13th Annual Yalta European Strategy Forum In Kyiv

13th Annual Yalta European Strategy Forum In Kyiv


The annual conference once again gathered world and Ukrainian elites for high level discussions of political and economic problems.

Though the Yalta conference had shifted to Kyiv’s Mystetski Arsenal after the Russian annexation of the Crimean peninsula, where it was previously based, the conference continues to become ever more important with every iteration. This year gathering hundreds of dignitaries. This was the third year in a row that the conference was being held in Kyiv, and the guest list was longer than ever. As usual, the event was organized by the Ukrainian businessman and philanthropist Viktor Pinchuk. Also usual was the fact that attendance was de rigueur for Ukrainian political elites, analysts and journalists.

The mood of the conference was not grim, frightened and stoical as it had been in 2014, when it coincided with a successful counterattack by Russian backed separatists. Nor was it cautiously optimistic yet skittish, as it had become during 2015, when it coincided with the beginning of a terminal decline of trust in the cabinet led by Prime Minister Arseniy Yatsenyuk.

The year’s most important Ukrainian political event was more boisterous than usual. In keeping with the sour mood gripping Europe, the most raucous panel, and the one that caused arguments that nearly became shouting matches, was the one that dealt with the future of Europe.

The “Refugees, Populism, Brexit – Is the EU coming apart?” panel featured European Commission President Jose Manuel Barroso, the French philosopher Bernard-Henri Levy, former EU Parliament head Pat Cox, and the Munich Security Conference Chairman Wolfgang Ischinger. The panelists debated the issue of the possible disintegration of the European Union in the wake of the June 2016 vote by 52% of British voters to withdraw from the union.


Half the panelists assembled thought that the European Union was on the verge of collapse. Yet another faction thought that the Brussels was a bigger threat than the specter of the oncoming Brexit, and members of the audience intervened to accuse members of the panel of scaremongering. The refugee crisis had brought Europe to the verge of destructions several panelists pointed out, while also insisting on the importance of integration to the future of the European Union. A British parliamentarian seated in the audience intervened to defend the popular will of the British people in the face of accusations of racism and xenophobia. What was certain was that the undiplomatic emotions released by this portion of the forum demonstrated that Europe is facing an array of very serious and perhaps existential issues.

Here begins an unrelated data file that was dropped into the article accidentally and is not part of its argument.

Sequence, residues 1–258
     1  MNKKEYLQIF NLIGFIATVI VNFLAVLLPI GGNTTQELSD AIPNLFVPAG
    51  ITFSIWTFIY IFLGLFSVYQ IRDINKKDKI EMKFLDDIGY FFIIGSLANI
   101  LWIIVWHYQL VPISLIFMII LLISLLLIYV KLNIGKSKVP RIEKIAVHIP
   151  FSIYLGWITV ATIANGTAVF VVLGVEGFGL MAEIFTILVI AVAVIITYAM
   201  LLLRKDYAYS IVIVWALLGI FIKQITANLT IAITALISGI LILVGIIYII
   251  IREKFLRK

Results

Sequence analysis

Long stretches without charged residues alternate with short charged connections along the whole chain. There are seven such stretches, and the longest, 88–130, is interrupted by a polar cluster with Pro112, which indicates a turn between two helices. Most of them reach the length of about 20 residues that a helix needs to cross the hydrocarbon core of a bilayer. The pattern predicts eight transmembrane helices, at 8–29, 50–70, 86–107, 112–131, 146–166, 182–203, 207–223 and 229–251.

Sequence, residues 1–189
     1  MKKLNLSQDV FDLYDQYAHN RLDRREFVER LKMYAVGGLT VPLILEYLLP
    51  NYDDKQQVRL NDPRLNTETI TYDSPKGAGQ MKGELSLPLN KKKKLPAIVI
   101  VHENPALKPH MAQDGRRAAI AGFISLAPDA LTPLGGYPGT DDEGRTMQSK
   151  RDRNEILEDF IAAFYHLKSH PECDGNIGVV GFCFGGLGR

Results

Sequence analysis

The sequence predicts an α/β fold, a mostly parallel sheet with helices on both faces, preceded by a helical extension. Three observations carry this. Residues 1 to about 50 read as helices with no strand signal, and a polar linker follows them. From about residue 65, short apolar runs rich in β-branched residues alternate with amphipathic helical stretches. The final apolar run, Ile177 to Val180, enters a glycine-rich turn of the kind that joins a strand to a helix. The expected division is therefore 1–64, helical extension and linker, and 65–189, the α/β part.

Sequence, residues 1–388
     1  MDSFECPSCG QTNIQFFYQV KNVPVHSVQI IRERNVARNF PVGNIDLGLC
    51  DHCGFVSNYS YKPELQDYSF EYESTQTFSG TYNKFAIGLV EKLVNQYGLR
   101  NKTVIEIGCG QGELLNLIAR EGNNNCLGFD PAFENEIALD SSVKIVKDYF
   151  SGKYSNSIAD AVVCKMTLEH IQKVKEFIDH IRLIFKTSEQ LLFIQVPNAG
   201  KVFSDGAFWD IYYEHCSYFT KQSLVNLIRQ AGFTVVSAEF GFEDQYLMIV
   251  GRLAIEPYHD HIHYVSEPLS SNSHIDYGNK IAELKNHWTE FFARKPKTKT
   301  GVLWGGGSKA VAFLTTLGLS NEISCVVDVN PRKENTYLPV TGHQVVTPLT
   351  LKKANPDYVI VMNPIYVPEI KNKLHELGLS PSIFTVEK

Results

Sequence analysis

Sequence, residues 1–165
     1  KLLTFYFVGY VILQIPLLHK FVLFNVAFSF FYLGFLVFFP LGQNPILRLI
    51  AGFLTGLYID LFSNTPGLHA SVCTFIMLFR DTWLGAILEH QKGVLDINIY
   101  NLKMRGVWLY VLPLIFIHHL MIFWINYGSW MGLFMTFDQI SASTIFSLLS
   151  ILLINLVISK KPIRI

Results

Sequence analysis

President Poroshenko delivered a very strong speech pledging to continue to hold a tough line with Moscow. The majority of his speech as well as his question and answer period were dedicated to discussing the necessity of confronting the issue of Russian expansionism. Poroshenko redoubled his stated commitment to the sanctions regime. The vigorous applause he was receiving for that quieted down noticeably however when he spoke about his administration’s war against corruption, which seemingly pointed to a lack of trust in the current administration’s capacity to continue with reforms.


The former United States House Of Representatives Speaker Newt Gingrich tried out for a possible cabinet role in a theoretical Donald Trump administration by claiming that Republican presidential nominee would make a tough deal with Russian president Vladimir Putin. Implausibly, he also compared Mr. Trump to the legendary British statesman and diplomat Lord Palmerston.

Former Polish President Aleksander Kwaśniewski, a regular at the conference, made a stirring speech in defense of the power globalization to help people, and called out those fighting against it as populists and nationalists..

For many attendees however, the highlight of the conference came during the dinner when a surprise appearance by the movie star Kevin Spacey brought the entire political A-list crowd to it’s feet. Kevin Spacey’s character in a well known TV show is the American President Francis Underwood and in a surreal but very funny moment, Polish President Kwaśniewski stood up after Spacey’s performance and referred to him as his dear colleague. The guest appearance topped even last year’s popular speech by the pop singer Elton John.

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